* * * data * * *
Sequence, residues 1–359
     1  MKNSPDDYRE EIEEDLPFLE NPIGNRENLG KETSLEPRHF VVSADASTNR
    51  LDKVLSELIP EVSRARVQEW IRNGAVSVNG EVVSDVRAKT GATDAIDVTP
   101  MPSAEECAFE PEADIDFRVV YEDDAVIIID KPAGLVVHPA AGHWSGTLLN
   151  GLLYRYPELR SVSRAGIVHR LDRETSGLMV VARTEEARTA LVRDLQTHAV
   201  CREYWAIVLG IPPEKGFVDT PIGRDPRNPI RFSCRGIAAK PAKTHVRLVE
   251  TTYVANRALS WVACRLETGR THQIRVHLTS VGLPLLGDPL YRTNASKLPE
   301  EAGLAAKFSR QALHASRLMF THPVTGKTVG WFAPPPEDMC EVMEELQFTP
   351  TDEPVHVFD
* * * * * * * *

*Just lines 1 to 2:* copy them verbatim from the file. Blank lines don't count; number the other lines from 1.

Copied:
Sequence, residues 1–359
     1  MKNSPDDYRE EIEEDLPFLE NPIGNRENLG KETSLEPRHF VVSADASTNR